A few years ago, as the dot-com bubble was still expanding, many an IT shop longed for the days of stability, when everyone wasnt leaving for the phony riches of stock options and workplace turnover was under control.
Now were getting to see what less or, in some cases, no turnover is like. Gartner analyst Ellen Kitzis, who has just completed her companys third annual CIO Agenda survey, said that among the reports many findings is that CIOs are staying put nowadays, in stark contrast to the former situation.
"Three years ago, there was incredible turnover in CIOs. But now there is considerable resilience in CIO tenures," said Kitzis.
In many shops, its not just the CIO whos not leaving. One CIO I spoke with described the situation in his 180-person shop this way: "There has been no turnover in 18 months. In the past 21 years, we never had no one quit in that length of time."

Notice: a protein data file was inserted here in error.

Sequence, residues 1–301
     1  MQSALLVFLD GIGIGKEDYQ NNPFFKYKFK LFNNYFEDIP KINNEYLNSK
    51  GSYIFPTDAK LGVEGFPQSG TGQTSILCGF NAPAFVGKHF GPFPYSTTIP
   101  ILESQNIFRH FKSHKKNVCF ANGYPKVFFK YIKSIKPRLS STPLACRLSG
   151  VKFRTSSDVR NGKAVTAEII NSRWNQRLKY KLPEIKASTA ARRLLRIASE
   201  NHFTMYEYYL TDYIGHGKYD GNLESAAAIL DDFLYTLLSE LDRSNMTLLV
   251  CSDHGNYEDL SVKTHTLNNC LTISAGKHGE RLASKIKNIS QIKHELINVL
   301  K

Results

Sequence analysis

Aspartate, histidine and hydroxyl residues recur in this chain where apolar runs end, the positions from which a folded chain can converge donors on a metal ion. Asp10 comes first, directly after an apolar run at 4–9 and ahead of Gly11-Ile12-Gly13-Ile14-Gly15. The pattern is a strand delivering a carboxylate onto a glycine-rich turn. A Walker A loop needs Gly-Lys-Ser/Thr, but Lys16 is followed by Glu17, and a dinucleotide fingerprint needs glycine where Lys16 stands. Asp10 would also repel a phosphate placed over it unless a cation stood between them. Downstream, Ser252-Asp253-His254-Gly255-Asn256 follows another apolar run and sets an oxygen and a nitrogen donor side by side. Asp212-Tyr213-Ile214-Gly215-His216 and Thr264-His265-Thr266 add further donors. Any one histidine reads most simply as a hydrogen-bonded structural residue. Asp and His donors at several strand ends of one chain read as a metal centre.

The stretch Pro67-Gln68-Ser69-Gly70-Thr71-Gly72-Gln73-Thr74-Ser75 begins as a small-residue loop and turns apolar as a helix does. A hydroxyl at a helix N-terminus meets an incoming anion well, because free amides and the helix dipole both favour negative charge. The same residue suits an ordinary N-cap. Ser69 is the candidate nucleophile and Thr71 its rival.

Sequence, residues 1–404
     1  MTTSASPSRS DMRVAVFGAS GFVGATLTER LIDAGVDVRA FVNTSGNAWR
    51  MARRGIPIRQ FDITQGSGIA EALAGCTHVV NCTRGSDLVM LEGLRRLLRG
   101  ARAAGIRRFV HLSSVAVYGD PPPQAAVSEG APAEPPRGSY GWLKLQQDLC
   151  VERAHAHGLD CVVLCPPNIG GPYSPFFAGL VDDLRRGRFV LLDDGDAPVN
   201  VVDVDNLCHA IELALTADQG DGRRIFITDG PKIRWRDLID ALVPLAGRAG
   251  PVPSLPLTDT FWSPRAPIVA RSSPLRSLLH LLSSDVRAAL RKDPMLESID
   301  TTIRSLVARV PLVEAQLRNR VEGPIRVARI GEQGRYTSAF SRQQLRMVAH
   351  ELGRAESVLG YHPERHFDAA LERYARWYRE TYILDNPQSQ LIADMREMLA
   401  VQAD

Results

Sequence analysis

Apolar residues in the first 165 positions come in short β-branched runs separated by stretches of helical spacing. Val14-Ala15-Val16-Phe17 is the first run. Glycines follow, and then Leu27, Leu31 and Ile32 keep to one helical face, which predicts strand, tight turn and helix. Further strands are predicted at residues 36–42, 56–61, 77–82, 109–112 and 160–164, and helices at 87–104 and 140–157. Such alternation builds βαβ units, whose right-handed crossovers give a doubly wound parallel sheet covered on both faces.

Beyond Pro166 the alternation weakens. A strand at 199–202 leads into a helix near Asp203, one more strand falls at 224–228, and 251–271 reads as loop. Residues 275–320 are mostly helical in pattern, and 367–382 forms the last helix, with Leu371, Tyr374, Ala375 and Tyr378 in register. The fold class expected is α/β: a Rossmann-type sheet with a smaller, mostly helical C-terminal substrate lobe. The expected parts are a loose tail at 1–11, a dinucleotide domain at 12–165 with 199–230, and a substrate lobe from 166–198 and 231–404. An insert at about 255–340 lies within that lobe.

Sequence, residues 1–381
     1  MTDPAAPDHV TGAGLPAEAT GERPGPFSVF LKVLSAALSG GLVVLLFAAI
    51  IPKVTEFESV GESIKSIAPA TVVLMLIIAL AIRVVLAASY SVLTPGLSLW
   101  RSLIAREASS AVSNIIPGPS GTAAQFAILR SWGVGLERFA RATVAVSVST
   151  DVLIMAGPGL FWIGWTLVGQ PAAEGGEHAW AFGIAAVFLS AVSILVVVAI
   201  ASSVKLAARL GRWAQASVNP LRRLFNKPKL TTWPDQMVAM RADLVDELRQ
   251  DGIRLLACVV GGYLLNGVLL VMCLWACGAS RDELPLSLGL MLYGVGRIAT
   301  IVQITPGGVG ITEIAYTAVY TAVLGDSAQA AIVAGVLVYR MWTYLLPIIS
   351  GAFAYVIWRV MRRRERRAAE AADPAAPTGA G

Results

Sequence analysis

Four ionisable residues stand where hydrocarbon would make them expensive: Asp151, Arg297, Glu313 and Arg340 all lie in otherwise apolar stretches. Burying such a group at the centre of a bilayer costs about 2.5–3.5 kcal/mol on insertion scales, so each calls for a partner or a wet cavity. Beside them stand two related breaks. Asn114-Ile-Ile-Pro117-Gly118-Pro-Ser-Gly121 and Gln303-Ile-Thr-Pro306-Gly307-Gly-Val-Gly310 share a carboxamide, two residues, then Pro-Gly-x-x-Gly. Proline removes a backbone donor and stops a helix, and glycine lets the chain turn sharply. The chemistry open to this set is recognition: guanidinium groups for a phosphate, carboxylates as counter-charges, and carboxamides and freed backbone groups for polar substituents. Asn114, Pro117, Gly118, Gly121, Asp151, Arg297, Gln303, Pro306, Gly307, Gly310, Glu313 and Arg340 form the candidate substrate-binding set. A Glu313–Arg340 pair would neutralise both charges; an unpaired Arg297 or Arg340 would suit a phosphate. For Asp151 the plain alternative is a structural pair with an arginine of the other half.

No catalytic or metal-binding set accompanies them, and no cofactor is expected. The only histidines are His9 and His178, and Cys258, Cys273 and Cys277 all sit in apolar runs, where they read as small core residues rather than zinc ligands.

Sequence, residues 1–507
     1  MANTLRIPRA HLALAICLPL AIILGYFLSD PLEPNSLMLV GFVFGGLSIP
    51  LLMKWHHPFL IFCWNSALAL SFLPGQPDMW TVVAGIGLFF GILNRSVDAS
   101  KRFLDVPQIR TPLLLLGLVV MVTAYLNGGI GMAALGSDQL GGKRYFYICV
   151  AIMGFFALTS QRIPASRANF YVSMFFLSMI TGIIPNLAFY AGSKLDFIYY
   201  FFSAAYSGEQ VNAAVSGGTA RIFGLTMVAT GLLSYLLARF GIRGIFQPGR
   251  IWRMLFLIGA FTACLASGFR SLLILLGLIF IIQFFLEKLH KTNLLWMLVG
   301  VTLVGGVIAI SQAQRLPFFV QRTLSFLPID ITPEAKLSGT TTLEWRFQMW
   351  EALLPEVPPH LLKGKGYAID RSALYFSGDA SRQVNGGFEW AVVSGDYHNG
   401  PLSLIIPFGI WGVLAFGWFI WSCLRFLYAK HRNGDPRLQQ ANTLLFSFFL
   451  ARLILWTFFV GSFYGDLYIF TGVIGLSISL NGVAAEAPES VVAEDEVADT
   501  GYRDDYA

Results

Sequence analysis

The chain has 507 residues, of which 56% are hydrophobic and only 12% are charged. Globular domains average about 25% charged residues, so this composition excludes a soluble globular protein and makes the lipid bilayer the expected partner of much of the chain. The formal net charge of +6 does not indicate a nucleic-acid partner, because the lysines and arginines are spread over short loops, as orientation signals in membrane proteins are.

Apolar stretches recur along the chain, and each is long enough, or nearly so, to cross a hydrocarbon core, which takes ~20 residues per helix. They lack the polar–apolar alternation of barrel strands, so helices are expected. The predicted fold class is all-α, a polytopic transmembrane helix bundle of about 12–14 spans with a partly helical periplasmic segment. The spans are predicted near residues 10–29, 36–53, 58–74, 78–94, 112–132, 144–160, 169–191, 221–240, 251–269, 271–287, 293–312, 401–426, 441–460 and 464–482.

High turnover is blamed for many personal and workplace pathologies. But maybe the opposite, low turnover, is not such a good thing, either. Think, for example, of those Gary Larson "Far Side" cartoons: Two characters are stuck on a tiny island in the middle of the ocean with no food. After awhile, they get on each others nerves, and when hunger sets in, one guys nose begins to look like a sausage to the other guy.
On a more serious note, when the Navy selects crew members for submarine duty, it subjects them to a rigorous personality test to judge their suitability for service in close quarters with the same crew mates for long periods of time. Not everyone can handle the sub environment without developing problems or creating them for the rest of the crew.
Its a safe bet that neither you nor your co-workers underwent a similar evaluation. But now that your workplace may be feeling more like a submarine, you may be wishing they had.
So, how do you like low turnover? Tell me about it at firstname.lastname@example.org.